Our Exercise

There was once a time when exercise meant a few sessions each week spent training or playing sport. Today, science helps us to understand the most efficient approach to support a healthy lifestyle. Studies have shown that in order to lose weight, you need to combine three types of activity: high-intensity interval training (HIIT); resistance training; and, low-intensity, or “incidental” activity.

High-intensity interval training (HIIT)

A high-intensity interval training (HIIT) workout combines short bursts of intense exercise with quick periods of rest. Since the discovery of HIIT, evidence of its benefits has continued to grow. Researchers have learned that unlike low-moderate intensity exercise, HIIT directly targets visceral fat, burning away the fatty deposits that can lead to insulin resistance and type 2 diabetes.

Our aim is to get you to a healthy weight with minimal fuss, in minimal time. This is why HIIT is central to our exercise plan: we know how busy life can be, and so we work with your schedule, not against it.

Recently, studies have also shown that as well as improving fitness, HIIT can actually reverse the effects of ageing on the mitochondria – the power-houses of the cell. As we age, the ability of the mitochondria to obtain energy by burning glucose declines. When tested, HIIT boosted the performance of mitochondria by 49% in people aged 18-30, and by a stunning 69% in people aged 65-80.

Resistance training: it’s not just for body-builders

Muscle accounts for 20% of resting calorie expenditure. And so, the more muscle tissue you have, the more energy you burn up at rest. This is why resistance training forms a key part of The Fast 800 exercise plan, alongside HIIT workouts.

Research suggests that in order to obtain maximum reduction in blood pressure, your workout should also include at least one element of “isometric” training. Isometric training involves maintaining a fixed position rather than carrying out repeated movements. Examples include the plank, the wall-sit, and the glute-bridge. The exercise programme is continuously evolving and as a result, we have recently introduced Pilates as a low-impact exercise to build strength and flexibility.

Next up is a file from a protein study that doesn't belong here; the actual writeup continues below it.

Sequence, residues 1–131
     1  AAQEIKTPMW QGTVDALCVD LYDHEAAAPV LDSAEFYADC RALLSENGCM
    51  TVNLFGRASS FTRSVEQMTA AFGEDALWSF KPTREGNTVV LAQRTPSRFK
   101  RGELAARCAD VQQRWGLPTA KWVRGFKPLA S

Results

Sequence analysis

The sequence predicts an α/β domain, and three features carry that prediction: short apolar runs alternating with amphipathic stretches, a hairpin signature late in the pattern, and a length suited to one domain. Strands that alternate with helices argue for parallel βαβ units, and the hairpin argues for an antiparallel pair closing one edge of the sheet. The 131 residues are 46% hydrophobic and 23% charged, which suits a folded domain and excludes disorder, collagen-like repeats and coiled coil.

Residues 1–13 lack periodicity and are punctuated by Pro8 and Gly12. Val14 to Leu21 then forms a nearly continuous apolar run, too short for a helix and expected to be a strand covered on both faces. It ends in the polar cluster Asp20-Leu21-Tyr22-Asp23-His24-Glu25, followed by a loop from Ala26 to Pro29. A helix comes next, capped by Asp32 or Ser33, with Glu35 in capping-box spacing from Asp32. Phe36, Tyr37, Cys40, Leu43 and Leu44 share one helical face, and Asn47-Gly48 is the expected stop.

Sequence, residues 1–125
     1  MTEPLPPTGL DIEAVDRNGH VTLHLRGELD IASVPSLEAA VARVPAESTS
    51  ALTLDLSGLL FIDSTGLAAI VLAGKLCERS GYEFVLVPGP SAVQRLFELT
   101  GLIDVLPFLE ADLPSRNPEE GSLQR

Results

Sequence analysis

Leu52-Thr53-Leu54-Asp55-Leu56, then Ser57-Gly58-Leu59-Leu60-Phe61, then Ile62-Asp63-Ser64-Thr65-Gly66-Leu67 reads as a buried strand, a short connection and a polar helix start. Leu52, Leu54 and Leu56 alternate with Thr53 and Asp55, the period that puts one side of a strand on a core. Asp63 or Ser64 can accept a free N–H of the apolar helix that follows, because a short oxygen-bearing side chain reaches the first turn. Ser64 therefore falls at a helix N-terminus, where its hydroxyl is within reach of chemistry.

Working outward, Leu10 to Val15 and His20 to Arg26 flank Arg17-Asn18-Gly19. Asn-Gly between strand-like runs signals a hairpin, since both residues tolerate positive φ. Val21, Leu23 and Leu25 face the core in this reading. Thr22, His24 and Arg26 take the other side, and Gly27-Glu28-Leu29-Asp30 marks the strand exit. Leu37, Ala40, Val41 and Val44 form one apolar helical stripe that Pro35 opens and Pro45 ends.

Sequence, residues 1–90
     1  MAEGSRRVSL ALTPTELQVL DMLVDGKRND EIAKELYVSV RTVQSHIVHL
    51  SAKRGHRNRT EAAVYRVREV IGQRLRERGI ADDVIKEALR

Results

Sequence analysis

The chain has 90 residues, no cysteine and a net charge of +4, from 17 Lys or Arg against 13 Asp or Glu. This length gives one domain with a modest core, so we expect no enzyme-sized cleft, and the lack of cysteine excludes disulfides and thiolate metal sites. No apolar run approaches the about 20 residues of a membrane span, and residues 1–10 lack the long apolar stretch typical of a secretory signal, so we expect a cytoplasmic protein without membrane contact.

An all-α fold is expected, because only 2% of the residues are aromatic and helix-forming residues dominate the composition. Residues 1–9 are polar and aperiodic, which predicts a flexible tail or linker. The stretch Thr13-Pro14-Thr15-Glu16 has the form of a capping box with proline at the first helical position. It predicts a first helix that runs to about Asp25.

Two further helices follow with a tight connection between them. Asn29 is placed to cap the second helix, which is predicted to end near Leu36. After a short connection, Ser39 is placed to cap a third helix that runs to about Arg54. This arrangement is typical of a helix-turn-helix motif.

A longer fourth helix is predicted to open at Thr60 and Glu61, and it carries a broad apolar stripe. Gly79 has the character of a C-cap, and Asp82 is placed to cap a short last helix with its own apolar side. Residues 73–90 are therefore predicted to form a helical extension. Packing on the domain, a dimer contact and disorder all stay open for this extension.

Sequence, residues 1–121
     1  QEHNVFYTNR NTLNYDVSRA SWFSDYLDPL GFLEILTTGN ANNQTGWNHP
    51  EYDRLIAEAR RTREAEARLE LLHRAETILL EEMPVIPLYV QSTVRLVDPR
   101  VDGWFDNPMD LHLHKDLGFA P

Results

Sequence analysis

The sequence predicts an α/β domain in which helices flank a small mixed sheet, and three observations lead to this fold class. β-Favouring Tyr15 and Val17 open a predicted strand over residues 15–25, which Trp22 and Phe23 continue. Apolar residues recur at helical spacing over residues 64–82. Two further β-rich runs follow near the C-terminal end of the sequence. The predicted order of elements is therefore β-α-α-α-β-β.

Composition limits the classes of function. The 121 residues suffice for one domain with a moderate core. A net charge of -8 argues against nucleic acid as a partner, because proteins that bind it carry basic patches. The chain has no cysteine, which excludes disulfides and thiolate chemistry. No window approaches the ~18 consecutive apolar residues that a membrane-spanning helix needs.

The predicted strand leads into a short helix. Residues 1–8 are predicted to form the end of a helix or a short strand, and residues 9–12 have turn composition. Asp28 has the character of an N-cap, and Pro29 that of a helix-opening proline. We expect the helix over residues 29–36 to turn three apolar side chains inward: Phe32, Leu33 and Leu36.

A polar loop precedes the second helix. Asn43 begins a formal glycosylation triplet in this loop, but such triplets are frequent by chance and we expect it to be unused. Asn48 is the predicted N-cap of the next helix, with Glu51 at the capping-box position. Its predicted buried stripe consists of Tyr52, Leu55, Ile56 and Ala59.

By building more muscle tissue, you can expect to achieve:

  • Increased lean body mass and muscle strength
  • Better body shape
  • An improved resting metabolic rate
  • Lower fasting blood glucose
  • Lowered risk of osteoporosis, and
  • Lowered blood pressure

Incidental exercise

It is well-known that in order to be fit, you have to engage in what doctors call MVPA – “moderate/vigorous physical activity”.

What is less well-known is that your activity level between training sessions also impacts strongly on your health. In a review of 48 studies conducted over a 15-year period from 1996 to 2011, researchers found a clear link between sedentary behaviour (independent of physical exercise) and mortality risk. Living a sedentary lifestyle was also a predictor of increased weight gain from childhood to adulthood. A further study has shown that in older adults, incidental activity can help to protect against cognitive decline.

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